The answer: No.


[1] Rossi, F., et al. (2008) "Health-promoting substances and heavy metal content in tomatoes grown with different farming techniques." (full text .pdf) Eur. J. Nutr. 47:286–92. Note that "organic" tomatoes were also lower in vitamin C and lycopene than were conventionally-grown tomatoes.

[2] See Urban Myths of Organic Farming.

[3] Organic Foods Production Act of 1990 [as amended through Public Law 109–97, Nov. 10, 2005], Title XXI, § 2103 [7 U.S.C. 6502], Clause 2. Available here as a .pdf. Note that while botanical pesticides are defined as being derived from plants, there is no stipulation that they be mass produced in plants. I don't know whether "organic" farmers buy synthetically produced botanical pesticides, but a loophole exists that allows them to (see debunks the organic fantasy garden 106363.html).

[4] Actually, there are some botanical pesticides which are not allowed for "organic" farming, such as piperonyl butoxide from sesame seeds, nicotine sulfate from tobacco, strychnine from the poison nut tree, and deguelin (cubé resin) from lancepods. See National List of Allowed and Prohibited Substances, §205.602: "Nonsynthetic substances prohibited for use in organic crop production".

[5] I can't, for the life of me, figure out why copper sulfate is allowed as a fungicide in "organic" farming—it's not plant derived, it's mined. Thus it's a purely chemical soil amendment; there's nothing biological (i.e. organic) about it.

[6] The items in this list were derived by performing a Google search for the term 'botanical pesticides' and then aggregating the ones which were mentioned or discussed most often.

[7] However, organophosphates, the class of insecticides and herbicides most commonly used today, also rapidly degrade when exposed to sunlight and air. And they pose negligible risk to consumers (see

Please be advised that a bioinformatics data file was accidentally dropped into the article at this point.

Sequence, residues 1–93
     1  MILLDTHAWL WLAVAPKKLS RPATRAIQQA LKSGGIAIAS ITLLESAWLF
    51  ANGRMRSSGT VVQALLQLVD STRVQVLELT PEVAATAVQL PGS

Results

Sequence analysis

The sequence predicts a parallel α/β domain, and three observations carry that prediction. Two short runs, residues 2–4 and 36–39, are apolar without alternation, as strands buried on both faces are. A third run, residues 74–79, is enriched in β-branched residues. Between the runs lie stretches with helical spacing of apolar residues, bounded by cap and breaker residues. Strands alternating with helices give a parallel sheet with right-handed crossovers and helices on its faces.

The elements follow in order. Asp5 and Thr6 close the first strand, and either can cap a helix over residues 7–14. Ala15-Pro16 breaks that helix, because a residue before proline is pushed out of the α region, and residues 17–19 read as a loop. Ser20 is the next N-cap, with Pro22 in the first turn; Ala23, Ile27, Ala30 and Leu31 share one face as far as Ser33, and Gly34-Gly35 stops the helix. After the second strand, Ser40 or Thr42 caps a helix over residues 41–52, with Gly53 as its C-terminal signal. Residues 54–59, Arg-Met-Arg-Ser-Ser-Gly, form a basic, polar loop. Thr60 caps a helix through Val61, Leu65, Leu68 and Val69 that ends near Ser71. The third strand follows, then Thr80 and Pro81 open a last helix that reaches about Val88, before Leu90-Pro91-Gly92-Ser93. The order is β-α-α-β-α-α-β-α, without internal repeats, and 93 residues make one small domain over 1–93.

[8] See food lies d**ned lies  dr oz 106392.html.

[9] See food#Safety and pesticides. I'll speculate more on why I think this happens in the final post.

[10] Resistance in: capsaicin, azadirachtin, pyrethrin (many), veratridine (first result), rotenone (just an insect-derived cell line, not actual insects), myristicin, spinosad, and Δ-endotoxins.

[11] Yes, people eat these. They do it to get high. And people in Australia lick the poisonous cane toad to try to get high off the bufotoxins it secrets from its skin. (This doesn't actually work, though—the toad skin has to be smoked.)

[12] Again, toxicity information is provided in the links. Incidentally, there is one mammal which can consume iris roots without getting bloody diarrhea: the raccoon.

[13] Dennis Avery asserted this, claiming data from the CDC. However, the CDC has denied supplying him with such information. See organic foods. For food poisoning reports, go to and search for "organic".

[14] All cases of contamination with food-poisoning-causing organisms from conventionally-grown foods happens post-harvest.

Image attribution:

Wheatgrass sprouts are by Dean Ayres, available at